This creates some problems, because that old content is getting more difficult to access as hard copy. First, people still want to read these articles. Second, institutional libraries no longer maintain back issues in their stacks.

Generally, I get two or three requests from readers each year for copies of articles that appeared long ago. The sources of the references may be a citation in some paper or some other kind of Web research that calls them out. Sometimes, I cannot imagine how the engineer who sent me the e-mail found out about the article.

So why do readers ask for these old articles? My guess is that sometimes it’s an unusual circuit or test method they’re after. Sometimes it’s the original author, and he’s lost his own hard copy. Sometimes there’s a patent issue and somebody’s researching prior art. Whatever the reason, I try to accommodate the reader.

At Electronic Design’s headquarters, which has moved around but is presently in midtown Manhattan, we have bound volumes of old issues. But I work in Silicon Valley, and if I ask somebody in New York to find the old story, copy it, and send it to my correspondent, I lose control of the process, and I can’t be sure the loop is going to be closed.

That’s why, in the past, I’d just drive over to Stanford University to the Engineering Library in the old Terman building and head up to the second floor, where there were stacks and stacks filled with bound copies of all the engineering magazines and proceedings going back to, I don’t know, maybe Steinmetz and Armstrong (see the figure). I’d find the volume, skim through to the article, pop a couple of quarters in the copying machine, and send the old article off to the reader who requested it.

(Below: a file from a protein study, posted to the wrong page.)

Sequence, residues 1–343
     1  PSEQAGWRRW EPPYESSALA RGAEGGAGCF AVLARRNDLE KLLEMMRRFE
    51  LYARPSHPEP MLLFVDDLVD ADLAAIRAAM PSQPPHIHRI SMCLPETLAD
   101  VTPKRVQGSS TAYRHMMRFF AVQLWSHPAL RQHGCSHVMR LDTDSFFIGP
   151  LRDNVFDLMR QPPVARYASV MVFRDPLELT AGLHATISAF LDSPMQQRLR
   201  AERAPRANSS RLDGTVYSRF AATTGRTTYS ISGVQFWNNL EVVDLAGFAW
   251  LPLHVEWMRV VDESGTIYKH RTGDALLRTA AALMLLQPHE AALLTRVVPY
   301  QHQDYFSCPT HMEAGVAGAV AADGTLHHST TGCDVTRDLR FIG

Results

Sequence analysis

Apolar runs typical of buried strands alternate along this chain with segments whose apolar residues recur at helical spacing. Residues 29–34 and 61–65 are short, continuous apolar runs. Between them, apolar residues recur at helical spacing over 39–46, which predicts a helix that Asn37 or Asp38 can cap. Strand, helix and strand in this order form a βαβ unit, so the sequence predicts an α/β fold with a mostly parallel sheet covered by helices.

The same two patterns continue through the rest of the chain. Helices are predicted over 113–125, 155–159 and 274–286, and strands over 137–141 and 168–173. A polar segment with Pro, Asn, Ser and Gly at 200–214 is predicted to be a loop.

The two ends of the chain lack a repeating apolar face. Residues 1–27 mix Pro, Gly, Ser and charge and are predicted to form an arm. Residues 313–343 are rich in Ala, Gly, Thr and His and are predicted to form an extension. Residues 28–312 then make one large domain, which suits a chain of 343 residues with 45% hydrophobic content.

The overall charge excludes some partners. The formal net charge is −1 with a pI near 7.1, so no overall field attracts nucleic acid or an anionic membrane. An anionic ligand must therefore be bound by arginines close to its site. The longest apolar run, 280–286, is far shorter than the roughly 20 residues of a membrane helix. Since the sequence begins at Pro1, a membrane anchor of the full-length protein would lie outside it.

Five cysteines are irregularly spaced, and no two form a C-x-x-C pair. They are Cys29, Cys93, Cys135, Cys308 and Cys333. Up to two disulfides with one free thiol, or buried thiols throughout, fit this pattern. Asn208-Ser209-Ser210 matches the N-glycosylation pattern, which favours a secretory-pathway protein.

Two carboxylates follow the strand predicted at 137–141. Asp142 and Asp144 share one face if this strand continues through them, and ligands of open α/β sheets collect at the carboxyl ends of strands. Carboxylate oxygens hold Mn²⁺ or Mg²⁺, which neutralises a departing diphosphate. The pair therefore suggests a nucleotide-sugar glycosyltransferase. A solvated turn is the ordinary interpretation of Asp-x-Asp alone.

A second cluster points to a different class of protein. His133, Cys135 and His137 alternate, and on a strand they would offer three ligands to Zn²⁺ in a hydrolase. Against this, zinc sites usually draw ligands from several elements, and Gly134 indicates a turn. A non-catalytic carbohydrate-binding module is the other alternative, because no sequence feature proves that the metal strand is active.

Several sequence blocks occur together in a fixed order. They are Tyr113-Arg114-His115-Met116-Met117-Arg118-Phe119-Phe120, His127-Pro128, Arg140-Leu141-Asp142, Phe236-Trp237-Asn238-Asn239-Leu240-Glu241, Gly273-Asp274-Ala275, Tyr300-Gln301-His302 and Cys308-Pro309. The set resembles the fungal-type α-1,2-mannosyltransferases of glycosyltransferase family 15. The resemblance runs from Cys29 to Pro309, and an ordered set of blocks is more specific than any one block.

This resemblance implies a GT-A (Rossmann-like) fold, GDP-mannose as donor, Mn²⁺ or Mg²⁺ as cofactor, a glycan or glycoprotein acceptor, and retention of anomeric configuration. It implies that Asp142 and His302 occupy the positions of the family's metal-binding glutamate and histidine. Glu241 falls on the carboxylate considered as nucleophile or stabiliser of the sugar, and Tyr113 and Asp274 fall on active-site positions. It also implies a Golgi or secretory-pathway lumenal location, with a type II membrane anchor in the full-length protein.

The onsite print collection at Stanford Unviersity’s Frederick Emmons Terman Engineering Library now only offers 10,500 books and 80 journals. However, it also boasts 65,000 e-books and 12,000 e-journal subscriptions, plus access to many online resources and circulating e-readers. (photo by Bill Zemanek)

Access to those archives came literally crashing down with the razing of the old Terman building and Stanford’s decision to provide online-only access to technical media.

The Stanford University Libraries do have a special off-site storage facility for books and journals built and maintained by the Stanford University Libraries.  This facility is located in Livermore, California, so the process is a little more involved. II would need to make a request via the Stanford Libraries online catalog, SearchWorks, after which, the bound volume would be delivered to whichever of the campus libraries I’d choose, and then, not being s Stanford student, staff, faculty or researcher, I’d have to use it in the library which is perfect for just making a copy.

So this week when a reader asked me for an article from 1988, I asked the folks at the New York office to find me the article. But the 1988 volume has gone walkabout! The whole year! It must be on somebody’s desk, and eventually, that somebody is going to say, “Oops. Sorry.”

In the meantime, I’d like to ask you readers for some more help. If you’re an engineering school graduate, and it’s convenient for you to ask, could you check with the library to see if it maintains bound copies? I’d like to create a database from which, I can send readers to university libraries near them where they will find what they need. I can be reached at [email protected]